Ask questions--if you are unsure about something ask the professor during class or during office hours. 

Consider starting a study group with classmates.  

Make sure you are taking good notes so that you have good materials to study for the exam; this starts with good reading skills.

4.  Are you getting along well in the residence hall?

If yes- then consider taking it to a new level; do you have any interest in volunteering to help with programming in the hall, applying to be a P.A. or R.A. next year?  Talk to your hall staff.

If no - If you are finding yourself getting into conduct situations in the residence hall, you might need to think carefully about why you are in college.  You can live much cheaper and party, if that is what you want, if you are NOT in college.   You are choosing to pay a lot of money for  a college education and it isn't going to happen by itself.  So, think carefully about how to use your time while you are here.   IF you feel you started off with bad habits and aren't sure how to change them now, talk to your hall staff such as the R.A. on your floor or the professional in charge of the hall. 

If you are not getting along with your roommate ,it may be time to revisit the roommate contract.  Have the R.A. sit down with you both and negotiate some changes in behavior so you can get along.  If you really can't resolve the problems so that you can live successfully with your roommate, you can ask about a room change.  Space is usually tight on campus but you might find a new room available and you could move over block break.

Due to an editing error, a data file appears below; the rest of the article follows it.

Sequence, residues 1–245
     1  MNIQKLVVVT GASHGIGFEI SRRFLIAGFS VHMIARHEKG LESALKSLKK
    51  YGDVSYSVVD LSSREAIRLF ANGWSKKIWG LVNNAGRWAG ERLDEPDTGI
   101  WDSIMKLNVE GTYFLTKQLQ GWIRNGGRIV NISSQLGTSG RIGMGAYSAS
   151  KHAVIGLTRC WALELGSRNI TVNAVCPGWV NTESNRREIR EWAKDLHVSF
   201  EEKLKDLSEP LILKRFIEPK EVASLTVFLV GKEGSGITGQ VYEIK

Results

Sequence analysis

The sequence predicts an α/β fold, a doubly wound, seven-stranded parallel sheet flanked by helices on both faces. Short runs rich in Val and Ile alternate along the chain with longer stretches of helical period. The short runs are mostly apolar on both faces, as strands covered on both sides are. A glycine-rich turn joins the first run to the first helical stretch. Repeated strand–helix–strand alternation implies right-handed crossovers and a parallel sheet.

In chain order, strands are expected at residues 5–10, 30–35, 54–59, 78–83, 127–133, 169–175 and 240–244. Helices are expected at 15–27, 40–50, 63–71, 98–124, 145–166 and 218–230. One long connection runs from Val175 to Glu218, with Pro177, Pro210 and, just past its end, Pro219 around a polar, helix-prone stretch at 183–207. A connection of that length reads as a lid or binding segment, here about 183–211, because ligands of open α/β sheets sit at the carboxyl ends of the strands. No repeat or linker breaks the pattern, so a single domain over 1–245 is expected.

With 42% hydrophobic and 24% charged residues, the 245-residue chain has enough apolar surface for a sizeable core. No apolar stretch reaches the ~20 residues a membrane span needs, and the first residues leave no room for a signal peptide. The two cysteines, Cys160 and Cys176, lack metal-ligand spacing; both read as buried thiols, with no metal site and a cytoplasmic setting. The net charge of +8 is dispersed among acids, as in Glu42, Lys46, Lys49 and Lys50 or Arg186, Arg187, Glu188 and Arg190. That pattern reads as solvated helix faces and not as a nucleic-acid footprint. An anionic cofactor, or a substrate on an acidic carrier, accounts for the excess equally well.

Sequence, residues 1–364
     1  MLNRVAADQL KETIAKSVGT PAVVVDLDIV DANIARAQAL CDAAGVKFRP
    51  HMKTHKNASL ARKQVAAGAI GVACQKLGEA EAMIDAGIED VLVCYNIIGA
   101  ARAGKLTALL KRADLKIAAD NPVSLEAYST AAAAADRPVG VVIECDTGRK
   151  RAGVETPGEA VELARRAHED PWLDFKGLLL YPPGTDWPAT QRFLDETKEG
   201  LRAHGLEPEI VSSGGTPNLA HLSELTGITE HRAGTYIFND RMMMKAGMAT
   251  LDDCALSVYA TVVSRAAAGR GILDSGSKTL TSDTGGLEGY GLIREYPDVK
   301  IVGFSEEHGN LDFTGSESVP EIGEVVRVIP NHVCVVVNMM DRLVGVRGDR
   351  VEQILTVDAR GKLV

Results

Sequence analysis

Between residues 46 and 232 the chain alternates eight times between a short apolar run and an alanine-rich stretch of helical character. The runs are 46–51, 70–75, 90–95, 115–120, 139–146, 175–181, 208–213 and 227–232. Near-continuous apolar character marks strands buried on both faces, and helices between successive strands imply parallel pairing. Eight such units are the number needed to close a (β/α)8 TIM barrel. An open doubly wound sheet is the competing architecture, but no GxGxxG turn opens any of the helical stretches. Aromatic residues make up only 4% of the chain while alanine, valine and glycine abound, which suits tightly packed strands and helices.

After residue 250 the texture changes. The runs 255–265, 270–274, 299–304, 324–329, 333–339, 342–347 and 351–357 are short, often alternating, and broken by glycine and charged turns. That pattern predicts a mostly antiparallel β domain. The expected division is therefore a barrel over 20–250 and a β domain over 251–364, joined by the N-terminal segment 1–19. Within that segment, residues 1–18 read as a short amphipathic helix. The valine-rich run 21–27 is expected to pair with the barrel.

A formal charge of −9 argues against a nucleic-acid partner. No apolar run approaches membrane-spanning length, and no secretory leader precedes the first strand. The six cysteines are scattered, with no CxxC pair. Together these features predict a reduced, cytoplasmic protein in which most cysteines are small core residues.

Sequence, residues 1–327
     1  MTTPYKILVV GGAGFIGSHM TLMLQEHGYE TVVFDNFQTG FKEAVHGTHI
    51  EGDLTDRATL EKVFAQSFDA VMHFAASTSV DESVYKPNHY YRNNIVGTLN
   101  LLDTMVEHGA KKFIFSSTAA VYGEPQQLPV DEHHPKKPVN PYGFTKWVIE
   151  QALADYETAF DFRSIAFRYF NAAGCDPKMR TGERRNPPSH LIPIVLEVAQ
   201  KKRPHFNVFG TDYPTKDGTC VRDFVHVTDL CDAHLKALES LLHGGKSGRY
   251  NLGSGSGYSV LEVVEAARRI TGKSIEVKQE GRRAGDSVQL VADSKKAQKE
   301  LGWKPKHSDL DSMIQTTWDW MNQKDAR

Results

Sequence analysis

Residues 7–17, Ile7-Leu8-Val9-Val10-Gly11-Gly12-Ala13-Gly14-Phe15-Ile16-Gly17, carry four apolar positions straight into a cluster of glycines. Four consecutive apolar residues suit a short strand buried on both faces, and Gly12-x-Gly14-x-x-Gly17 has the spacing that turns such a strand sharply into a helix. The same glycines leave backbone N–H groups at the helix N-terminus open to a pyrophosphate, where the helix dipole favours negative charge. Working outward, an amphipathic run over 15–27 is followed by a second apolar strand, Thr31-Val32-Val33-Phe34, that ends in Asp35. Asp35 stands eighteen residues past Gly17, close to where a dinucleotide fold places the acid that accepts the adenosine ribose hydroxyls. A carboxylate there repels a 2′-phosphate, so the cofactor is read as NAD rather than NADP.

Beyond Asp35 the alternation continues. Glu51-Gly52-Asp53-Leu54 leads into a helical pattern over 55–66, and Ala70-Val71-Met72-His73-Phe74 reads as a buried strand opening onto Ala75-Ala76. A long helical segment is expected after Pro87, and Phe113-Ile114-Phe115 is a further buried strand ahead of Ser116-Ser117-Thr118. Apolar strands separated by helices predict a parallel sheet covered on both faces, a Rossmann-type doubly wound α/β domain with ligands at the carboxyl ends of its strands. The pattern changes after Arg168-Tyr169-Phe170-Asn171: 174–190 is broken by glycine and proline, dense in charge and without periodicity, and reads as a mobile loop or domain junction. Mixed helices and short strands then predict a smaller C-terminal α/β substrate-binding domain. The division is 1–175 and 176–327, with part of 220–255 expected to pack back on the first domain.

If you are just a tad lonely and haven't found your niche yet...be patient.  See the staff in the Thomas Commons for ideas about getting involved with volunteerism or a student organization.  Make sure that you are putting yourself in a situation to meet people; leave your room, attend programs on the OC, join an organization, start conversations with people in your class.  

 

5. Are you making the best use of your advisor?

You have been assigned an advisor who can really help you think through a good balance of courses to take to explore academic interests.  THey can also be a great resource about time management or study skills.  If you haven't gotten to know your advisor, consider stopping by their office for a chat before registration time rolls around.   Ask about their hobbies or research.  Tell them your goals in college and beyond.   If you don't feel you have  a good rapport with your advisor, you can get a new advisor.  See Kate Fashimpaur in Old Sem to discuss that.

 

Be proud of yourself that you have started down the path of a liberal arts education.  You will get as much out of college as you put into it.  Your time, effort and attention paid to your academic life will be well worth it when you step out into the real world in four years!   Don't sit back and let it happen to you--get on the field, take charge and play the game!